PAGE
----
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Covering New Miles at The Bridge

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I press play on my iPod and music fills the theatre at Hugh John Macdonald School. “What is the name of this song?” I ask. A girl in the flute section raises her hand. “Ummm,” she pauses, consulting her memory. “Milestones.”

“Right,” I say, “and who wrote ‘Milestones’?” Another hand goes up: “Miles Davis!”

This is period six, a time when we learn the nuts and bolts of music en masse. As well as hitting the right notes on saxophones and trumpets and guitars and keeping steady on the drums, we talk about musicians with exotic names like “Cannonball,” “Trane,” and “Philly Joe” along with some broader points about jazz like form, improvisation, swing, syncopation. “Milestones” is a big step for this group—up until now our performance repertoire is practiced in small groups after school. But on April 30, the HJM Big Band will perform for the first time.

As the class continues, listening gives way to clapping rhythms. Our feet tap beats one and three as we clap the simple, repetitive melody. Then we switch to beats two and four and imitate the high hat. By the time students pick up their instruments they are familiar with both the three-note melody and the rhythm Miles used for the A section to his tune. This is the most productive way to learn given our unique challenges: students in The Bridge come from all over the world. Amazingly, sixteen different first languages are spoken in our classroom!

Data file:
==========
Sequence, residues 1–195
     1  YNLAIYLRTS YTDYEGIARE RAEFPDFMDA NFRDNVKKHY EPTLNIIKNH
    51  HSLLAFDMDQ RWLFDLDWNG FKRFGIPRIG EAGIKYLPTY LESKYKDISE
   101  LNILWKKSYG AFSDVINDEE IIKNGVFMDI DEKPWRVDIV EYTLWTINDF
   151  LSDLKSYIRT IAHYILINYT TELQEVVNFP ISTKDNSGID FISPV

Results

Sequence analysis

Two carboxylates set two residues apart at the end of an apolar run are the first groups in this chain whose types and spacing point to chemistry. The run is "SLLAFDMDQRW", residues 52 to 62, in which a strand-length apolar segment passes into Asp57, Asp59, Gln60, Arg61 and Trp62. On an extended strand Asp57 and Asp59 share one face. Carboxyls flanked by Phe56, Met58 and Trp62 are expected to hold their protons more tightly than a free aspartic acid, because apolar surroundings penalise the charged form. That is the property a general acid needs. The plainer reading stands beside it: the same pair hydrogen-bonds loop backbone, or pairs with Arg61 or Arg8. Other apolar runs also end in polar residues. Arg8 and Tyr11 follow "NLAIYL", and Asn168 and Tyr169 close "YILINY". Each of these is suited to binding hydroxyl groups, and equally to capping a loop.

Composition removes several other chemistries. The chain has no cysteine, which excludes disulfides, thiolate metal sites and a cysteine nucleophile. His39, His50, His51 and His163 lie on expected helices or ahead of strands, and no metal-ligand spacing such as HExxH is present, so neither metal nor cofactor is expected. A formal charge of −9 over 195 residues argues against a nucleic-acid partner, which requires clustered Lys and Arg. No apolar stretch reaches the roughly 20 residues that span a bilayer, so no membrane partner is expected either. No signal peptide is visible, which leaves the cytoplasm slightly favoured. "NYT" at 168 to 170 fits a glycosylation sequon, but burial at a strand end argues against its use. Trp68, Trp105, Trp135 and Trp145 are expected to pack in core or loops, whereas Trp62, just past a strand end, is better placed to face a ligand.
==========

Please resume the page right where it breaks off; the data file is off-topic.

“Too easy!” laughs one of t he saxophonists as he plays the melody for me. I have to admit that, although his casual adherence to the key signature leads to a handful of wrong notes, he does sound pretty good. Slowly we add a harmony part. Then another. Before long the whole band sounds pretty good!

Once the class has mastered the first 16 bars we move to the B section: more new notes in two-part harmony along with a rhythmic pedal point in the trombone section. All that’s left then is a four bar introduction and some simple background parts.

Voila! “Milestones”—and another milestone for The Bridge.


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